I’m in law school and my fake work is cleaning instead of studying. I definitely work better when I’m not surrounded by messy surfaces and dishes piled up in the sink. But I take it to the extreme by avoiding exam prep in lieu of wiping down cabinets, vacuuming baseboards, and sticky rolling pet hair off of my couch.

    • gretchenrubin

      I do the same thing. My apartment is never tidier than when I am working on
      a hard piece of writing.

  • The difficulty you mention of writing and typing and being fidgety reminded me of this recent article I read on the New York Times about a desk that allows you to stand. I thought you might be interested in reading it, so here’s the link:

  • Hi–just wanted to say that I just started your book, and absolutely love it! I am only on Chapter 2–but when you wrote about working on not having the need for your husband to praise your work, or even notice it, I wanted to shout YES! that is me to a T. Great reminder and great writing! Thank!

    • gretchenrubin

      So glad to hear that that part resonated with you! Sigh. Still a struggle!

  • “if I’m finding it very hard to write, I should stop trying to write and instead, start thinking harder / if I’m finding it very easy to write, I’m probably falling into cliché and should start thinking harder”

    Smart. And a fine line indeed. When you’re in the zone though, it’s tough to break away even for a second and take a critical eye to what you’ve just written. Then you might get caught up in editing and revising. I like to just pound out first drafts. And then go back and deal with the cliches. But that becomes tedious and gross and I then think, why didn’t I fix this garbage the first time around. It’s like… tether ball. You beat it one way and it still comes back around and hits you from behind. I guess. If you’re playing solo. Wow. Ha. I was aching for a cliche there. But I guess you win some, you lose some.


  • Yeah. I agree that typing is not like writing.
    I always find myself love to write especially when I create my own definition of happiness.

  • michaelneugarten

    I would like to disagree with the idea that wandering is somehow ‘inefficient’. Suppose you are a tourist in a new city, say Paris. You can either go straight to the ‘Mona Lisa’, with your eyes closed until you’re standing in front of it – this would be the focused way of doing things – looking for what you’re looking for. Or you can, deliberately, wander around a little, and even ‘wonder’ around a little. Which of the two approaches is likely to give you more insight as to the people and the place? I think the answer’s clear.
    HP used to have a management idea called MBWA – management by walking around. I’ve morphed this into the notion of management by wandering around, and thence to management by wondering around. It can be a real eye-opener.
    The idea that wandering is somehow inefficient is a very western one. We are so fixated about zooming-in and focusing on what we are doing – necessary though this often is – that we forget the utility of de-focusing, stepping back, and wandering around.
    If we’re not careful we can lose a wonderful aid to serendipitous discovery of new ideas and insights.

    • SIreland

      Interesting that you used Paris as your example – the French have a word for wandering around with little intentional focus – flâneur! And actually, I’ve found that to be a flâneur in Paris is one of the most productive ways to spend time in that city – because, you’re right Michael – you see so much to wonder about when you’re not actually looking for it!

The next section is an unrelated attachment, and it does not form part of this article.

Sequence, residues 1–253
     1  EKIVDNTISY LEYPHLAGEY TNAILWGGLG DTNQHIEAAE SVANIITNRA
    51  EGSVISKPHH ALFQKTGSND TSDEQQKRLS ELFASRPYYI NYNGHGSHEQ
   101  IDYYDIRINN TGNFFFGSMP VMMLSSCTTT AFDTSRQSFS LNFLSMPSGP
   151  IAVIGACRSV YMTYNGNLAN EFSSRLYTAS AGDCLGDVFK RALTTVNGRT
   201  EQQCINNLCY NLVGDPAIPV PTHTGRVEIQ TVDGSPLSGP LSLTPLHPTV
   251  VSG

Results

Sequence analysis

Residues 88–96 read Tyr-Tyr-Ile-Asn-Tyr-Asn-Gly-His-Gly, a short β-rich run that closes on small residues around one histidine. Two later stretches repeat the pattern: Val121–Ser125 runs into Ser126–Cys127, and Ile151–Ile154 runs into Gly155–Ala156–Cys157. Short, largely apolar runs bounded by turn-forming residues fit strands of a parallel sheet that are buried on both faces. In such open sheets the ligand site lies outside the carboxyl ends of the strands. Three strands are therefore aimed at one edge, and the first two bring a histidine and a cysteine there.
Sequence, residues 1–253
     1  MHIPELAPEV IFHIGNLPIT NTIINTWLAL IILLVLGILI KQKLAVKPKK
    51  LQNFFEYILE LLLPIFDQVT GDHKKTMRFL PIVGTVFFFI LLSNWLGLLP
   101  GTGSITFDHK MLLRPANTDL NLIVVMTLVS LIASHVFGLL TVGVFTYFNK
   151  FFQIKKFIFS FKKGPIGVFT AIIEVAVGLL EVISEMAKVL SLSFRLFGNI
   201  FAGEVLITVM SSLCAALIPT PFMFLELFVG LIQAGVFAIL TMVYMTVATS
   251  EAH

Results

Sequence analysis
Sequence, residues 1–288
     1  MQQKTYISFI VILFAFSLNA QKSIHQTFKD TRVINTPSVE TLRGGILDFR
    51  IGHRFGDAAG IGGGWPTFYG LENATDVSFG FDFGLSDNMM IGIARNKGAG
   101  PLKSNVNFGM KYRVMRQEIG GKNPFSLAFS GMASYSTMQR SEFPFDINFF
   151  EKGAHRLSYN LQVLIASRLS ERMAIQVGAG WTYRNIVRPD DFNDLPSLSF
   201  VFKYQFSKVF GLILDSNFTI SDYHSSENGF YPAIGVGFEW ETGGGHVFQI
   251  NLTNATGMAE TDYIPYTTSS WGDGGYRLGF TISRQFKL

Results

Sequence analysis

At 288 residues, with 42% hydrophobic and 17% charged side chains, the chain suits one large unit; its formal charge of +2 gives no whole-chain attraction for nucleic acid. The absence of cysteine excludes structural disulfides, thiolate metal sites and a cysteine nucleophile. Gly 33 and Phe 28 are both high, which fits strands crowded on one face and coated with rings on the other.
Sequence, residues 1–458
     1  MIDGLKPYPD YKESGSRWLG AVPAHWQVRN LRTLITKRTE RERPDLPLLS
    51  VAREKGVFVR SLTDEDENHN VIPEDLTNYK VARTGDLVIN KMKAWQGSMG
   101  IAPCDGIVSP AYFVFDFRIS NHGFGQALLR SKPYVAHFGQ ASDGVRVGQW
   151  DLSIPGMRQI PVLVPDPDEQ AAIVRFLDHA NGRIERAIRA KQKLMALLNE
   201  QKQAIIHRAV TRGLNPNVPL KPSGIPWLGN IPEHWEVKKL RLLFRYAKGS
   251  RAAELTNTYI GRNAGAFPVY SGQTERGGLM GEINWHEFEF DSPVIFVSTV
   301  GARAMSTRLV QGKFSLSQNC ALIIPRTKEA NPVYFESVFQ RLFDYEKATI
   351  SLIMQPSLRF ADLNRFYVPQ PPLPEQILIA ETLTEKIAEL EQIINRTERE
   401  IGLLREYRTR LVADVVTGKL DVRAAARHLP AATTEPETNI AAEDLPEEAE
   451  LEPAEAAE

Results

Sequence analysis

• michaelneugarten

    Thanks for that. I’d come across the idea of the flaneur in the past but had no idea it was so richly connected.
    Following this idea, you may be interested by a book by an American landscape history professor, John Stilgoe – called “Outside lies Magic” who exhorts his students to get out! and notice …
    His book begins thus:

    GET OUT NOW. Not just outside, but beyond the trap of the programmed electronic age so gently closing around so many people at the end of our century. Go outside, move deliberately, then relax, slow down, look around. Do not jog. Do not run. Forget about blood pressure and arthritis, cardiovascular rejuvenation and weight reduction. Instead pay attention to everything that abuts the rural road, the city street, the suburban boulevard. Walk. Stroll. Saunter. Ride a bike, and coast along a lot. Explore.
    Abandon, even momentarily, the sleek modem technology that consumes so much time and money now, and seek out the resting place of a technology almost forgotten. Go outside and walk a bit, long enough to forget programming, long enough to take in and record new surroundings.
    Flex the mind, a little at first, then a lot. Savor something special. Enjoy the best-kept secret around-the ordinary, everyday landscape that rewards any explorer, that touches any explorer with magic.
    The whole concatenation of wild and artificial things, the natural ecosystem as modified by people over the centuries, the built environment layered over layers, the eerie mix of sounds and smells and glimpses neither natural nor crafted-all of it is free for the taking, for the taking in. Take it. take it in, take in more every weekend, every day, and quickly it becomes the theater that intrigues, relaxes, fascinates, seduces, and above all expands any mind focused on it. Outside lies utterly ordinary space open to any casual explorer willing to find the extraordinary. Outside lies unprogrammed awareness that at times becomes directed serendipity. Outside lies magic.

    (John R Stilgoe – Outside Lies Magic: Regaining History and Awareness in Everyday Places, 1988, Walker and Company, NY)

    Wonderful stuff!

  • Fakeworkstudy

    I am a university student at BYU and we are trying to understand more about “fakework.” This is a short 12 question Survey.

    You might need to copy and paste the link unto your browser

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  • I started my own happiness project last month due to your ideas. It’s incredible how such a small thing can change your life in one month!